By Joseph Goldstein
|With old-fashioned detective work and newer DNA tests, the New York City medical examiner’s office has made about 50 identifications since it began the project in 2010. Courtesy of Chang Lee/The New York Times
On a winter’s night in early 2004, after a late visit at his parents’ house near Cleveland, Javier Reveron called his mother to let her know he had driven home safely. Then he vanished.
Evidence would point to New York. A plane ticket was purchased and used. A car parked near La Guardia Airport was broken into, and some of Reveron’s things were found: his wallet, a driver’s license, business cards and a banana peel. There would be sightings, most likely false, in places like Queens and Ohio. Then the trail went dry.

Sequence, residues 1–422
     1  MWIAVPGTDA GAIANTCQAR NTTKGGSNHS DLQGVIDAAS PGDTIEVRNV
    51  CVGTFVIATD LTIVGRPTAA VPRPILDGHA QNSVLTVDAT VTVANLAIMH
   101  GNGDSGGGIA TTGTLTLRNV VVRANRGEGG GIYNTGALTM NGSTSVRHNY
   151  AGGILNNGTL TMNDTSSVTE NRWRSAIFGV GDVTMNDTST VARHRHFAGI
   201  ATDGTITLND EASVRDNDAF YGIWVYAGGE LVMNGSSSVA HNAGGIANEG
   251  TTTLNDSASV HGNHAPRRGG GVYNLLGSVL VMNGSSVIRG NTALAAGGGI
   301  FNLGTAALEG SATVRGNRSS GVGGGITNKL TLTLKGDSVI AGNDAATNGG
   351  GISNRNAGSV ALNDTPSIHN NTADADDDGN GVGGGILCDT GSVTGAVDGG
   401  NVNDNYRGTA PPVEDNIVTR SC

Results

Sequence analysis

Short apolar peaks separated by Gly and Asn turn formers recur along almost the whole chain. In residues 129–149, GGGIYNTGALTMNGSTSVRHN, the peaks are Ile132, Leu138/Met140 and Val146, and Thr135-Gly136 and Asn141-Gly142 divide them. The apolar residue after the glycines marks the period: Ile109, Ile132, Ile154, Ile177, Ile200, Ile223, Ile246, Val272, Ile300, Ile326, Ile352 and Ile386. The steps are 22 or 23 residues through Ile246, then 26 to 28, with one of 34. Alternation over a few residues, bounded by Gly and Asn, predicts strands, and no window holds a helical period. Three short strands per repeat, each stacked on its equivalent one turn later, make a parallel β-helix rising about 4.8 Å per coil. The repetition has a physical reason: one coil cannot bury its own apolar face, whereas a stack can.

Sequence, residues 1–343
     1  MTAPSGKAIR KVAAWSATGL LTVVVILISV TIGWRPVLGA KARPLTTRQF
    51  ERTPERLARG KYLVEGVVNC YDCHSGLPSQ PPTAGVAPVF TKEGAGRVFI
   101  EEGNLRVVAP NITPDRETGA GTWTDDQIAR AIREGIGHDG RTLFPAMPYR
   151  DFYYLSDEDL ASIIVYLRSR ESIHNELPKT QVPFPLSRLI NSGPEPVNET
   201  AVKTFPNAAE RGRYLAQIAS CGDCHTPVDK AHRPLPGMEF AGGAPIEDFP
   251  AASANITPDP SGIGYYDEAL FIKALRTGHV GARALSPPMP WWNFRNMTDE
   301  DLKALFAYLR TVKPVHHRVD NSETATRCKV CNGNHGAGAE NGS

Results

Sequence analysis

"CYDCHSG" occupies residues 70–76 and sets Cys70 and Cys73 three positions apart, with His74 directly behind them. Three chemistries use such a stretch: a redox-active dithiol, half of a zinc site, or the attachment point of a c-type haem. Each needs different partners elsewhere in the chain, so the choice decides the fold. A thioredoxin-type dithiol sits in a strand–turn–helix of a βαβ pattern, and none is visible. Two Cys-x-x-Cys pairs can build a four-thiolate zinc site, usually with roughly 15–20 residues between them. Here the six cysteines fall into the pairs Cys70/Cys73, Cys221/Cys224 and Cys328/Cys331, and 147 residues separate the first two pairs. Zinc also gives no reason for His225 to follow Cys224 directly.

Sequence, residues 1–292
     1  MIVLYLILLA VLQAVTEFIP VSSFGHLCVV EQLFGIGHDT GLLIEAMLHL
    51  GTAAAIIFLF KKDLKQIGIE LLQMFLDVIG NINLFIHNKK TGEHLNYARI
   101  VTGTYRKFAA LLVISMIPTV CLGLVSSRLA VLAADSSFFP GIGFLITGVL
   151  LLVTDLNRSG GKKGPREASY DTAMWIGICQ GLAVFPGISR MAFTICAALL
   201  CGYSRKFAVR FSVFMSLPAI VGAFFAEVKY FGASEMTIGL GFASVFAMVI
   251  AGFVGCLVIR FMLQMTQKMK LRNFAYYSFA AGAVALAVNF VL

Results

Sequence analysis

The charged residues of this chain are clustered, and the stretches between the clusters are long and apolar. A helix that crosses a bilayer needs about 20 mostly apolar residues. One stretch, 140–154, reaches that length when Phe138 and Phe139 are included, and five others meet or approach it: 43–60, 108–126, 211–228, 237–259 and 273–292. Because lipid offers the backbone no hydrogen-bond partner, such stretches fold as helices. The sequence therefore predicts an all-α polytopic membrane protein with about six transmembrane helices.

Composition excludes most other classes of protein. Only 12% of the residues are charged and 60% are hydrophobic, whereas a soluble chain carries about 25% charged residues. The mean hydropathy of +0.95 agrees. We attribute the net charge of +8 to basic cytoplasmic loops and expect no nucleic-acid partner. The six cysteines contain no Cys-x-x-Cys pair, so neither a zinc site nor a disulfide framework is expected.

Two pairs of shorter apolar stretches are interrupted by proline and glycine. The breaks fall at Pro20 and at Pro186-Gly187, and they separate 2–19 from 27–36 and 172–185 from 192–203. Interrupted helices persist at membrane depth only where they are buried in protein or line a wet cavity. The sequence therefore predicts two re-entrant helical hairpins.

But about six years after his disappearance, the New York City medical examiner’s office discovered what happened to Reveron.
The office is undertaking an ambitious effort to identify the nameless dead in the city’s potter’s field, seeking to capitalize on the expertise that it gained over the last decade identifying remains from the World Trade Center attack.
Source: The New York Times